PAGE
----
After graduating from the University of Bath with a degree in European Studies, Fiona left her native England to explore the world of yachting in the South of France. Initially, Fiona worked as a deckhand/stewardess on a 40m motor yacht and then moved ashore to train as a charter broker. Her training led to a successful career in yacht charter with Peter Insull's Yacht Marketing and Yachting Partners International over the following years.
Fiona joined Northrop & Johnson in 2013 as Charter Director to expand their presence in the South of France.
Fiona currently serves as President of MYBA - the Worldwide Yachting Association, and chairs the IT panel.
Fiona was invited to Tahiti on a familiarization trip 4 years ago and has since become one of Tahiti’s greatest ambassadors.
Fiona, you visited The Islands of Tahiti during a familiarization trip 4 years ago. Which memories do you keep of this trip several years later?
My overriding memory is of the startling color of the water and the teeming marine life. I have travelled extensively to some of the world’s most beautiful cruising grounds, but have never seen anything like the pristine waters of The Islands of Tahiti.
Is there anything in particular that struck you about the destination that you hadn’t found in the other places you visited before?
I was struck by the sense that somehow French Polynesia is still truly unspoiled. There is nothing “backward” about the islands but there is a simplicity and a quality of life that have remained unsullied by the outside world.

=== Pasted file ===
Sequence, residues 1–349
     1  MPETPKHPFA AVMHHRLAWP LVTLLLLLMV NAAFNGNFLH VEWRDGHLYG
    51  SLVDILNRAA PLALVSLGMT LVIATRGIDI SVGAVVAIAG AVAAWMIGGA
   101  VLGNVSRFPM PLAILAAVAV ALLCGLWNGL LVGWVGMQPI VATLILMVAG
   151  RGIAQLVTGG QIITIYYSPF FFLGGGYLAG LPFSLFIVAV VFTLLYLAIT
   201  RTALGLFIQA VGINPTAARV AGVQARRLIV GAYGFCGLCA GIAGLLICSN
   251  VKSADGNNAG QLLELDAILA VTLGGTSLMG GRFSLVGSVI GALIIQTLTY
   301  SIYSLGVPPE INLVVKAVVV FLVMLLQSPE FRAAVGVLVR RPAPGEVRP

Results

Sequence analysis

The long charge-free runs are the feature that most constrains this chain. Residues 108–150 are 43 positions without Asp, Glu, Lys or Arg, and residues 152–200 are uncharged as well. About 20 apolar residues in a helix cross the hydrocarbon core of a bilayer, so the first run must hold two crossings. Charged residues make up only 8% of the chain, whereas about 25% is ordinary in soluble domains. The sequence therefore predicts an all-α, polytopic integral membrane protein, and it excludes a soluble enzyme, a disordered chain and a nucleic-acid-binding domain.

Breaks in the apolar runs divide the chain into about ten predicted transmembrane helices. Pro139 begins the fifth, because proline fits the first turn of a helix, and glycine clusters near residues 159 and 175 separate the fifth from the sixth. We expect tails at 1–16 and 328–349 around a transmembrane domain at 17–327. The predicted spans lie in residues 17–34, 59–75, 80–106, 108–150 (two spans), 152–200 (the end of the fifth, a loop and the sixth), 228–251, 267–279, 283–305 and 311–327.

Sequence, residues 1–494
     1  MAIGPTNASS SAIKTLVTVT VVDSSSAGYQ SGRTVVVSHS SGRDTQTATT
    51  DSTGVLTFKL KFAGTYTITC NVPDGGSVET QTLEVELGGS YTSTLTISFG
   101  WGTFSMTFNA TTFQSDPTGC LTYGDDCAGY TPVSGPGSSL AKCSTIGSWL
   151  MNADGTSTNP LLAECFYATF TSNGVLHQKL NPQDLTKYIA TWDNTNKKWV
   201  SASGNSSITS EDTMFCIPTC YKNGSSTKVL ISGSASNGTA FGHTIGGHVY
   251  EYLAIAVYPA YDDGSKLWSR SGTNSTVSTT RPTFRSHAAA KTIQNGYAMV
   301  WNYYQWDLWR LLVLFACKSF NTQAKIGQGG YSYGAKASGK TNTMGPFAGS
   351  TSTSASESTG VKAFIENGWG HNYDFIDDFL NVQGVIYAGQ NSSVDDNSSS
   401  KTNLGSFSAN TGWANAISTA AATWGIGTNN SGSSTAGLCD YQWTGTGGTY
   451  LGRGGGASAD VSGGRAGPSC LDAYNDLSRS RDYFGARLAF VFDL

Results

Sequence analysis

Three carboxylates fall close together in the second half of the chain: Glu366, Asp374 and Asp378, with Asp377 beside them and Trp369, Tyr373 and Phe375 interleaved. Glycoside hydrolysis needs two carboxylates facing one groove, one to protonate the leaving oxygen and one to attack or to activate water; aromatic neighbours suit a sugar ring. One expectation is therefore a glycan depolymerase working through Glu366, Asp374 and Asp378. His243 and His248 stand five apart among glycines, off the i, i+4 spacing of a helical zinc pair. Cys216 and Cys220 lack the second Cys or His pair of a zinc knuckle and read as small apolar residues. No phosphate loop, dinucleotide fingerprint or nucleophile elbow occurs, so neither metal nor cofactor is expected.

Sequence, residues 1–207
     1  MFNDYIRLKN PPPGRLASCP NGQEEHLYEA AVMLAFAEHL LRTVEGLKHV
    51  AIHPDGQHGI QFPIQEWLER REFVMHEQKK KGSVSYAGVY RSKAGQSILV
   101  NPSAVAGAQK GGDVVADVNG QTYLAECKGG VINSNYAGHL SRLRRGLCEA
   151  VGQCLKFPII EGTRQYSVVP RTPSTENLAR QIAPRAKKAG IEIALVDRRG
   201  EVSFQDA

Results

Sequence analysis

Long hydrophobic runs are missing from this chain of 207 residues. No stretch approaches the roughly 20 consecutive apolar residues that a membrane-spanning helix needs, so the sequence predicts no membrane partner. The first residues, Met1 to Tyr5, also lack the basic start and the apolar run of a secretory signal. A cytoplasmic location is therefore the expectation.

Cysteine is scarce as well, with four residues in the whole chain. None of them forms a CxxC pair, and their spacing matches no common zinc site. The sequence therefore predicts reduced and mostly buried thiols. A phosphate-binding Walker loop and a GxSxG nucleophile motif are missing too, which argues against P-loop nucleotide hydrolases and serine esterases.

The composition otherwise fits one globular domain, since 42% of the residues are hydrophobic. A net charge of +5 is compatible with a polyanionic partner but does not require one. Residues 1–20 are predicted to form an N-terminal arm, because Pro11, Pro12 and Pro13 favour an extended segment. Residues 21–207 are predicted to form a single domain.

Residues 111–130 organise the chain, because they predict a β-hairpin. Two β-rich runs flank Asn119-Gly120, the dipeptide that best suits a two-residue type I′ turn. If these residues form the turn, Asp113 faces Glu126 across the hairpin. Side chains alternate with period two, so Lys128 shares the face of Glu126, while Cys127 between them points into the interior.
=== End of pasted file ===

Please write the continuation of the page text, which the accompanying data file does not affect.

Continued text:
What was the highlight of your trip?
There were too many wonderful experiences to limit myself to just one highlight! But I particularly remember swimming and snorkelling in those fantastic turquoise waters, and this is where I was persuaded to try diving for the very first time. I also remember the vivid sunsets over Moorea, the welcoming smiles of everyone we met and the intoxicating fragrance of the tiare flower.
What would you change or felt you had missed?
I would like to have had time to go further afield and visit the Tuamotu, for example. I would change nothing!
What would you say is the drawback of the destination? How would you say it could be changed or fixed?
The geographical remoteness of French Polynesia is both its advantage and its drawback. An increase in the number of seats in business and first class might make it more accessible to our clients. (1)
What would you say are Tahiti’s main assets?
The unspoiled nature of the area is definitely an asset, and I applaud the determination of the Polynesians to preserve their beautiful environment. Ocean conservation is something of a buzzword right now, but the Polynesians have genuinely made this a priority.
Being a marketing expert in the charter industry, how do you envision Tahiti is going to fit within the choice of destinations offered to charter clients mid-term?
For Tahiti to increase in popularity as a charter destination, we must first encourage more owners to position their yachts there. The best promotion is word of mouth from one owner to another, and I’m already seeing this happening. Both owners and charterers are growing more adventurous in their choice of cruising ground and there is an increasing demand to visit new and unexploited areas. Tahiti is well positioned to benefit from this trend.
Why would you recommend Tahiti as a destination to your team of charter brokers and your clients?
For clients who love the ocean and want to get away from the crowds, while meeting friendly people, this is a perfect choice of destination.
Fiona, if you had to describe your experience of Tahiti in one word, what would it be?
Sorry, can’t do it in one word! How about three: marvelous, magical, truly memorable?
(1) Note from the editor: The local airline Air Tahiti Nui is currently working to increase the number of seats in business class. This will be effective from 2018.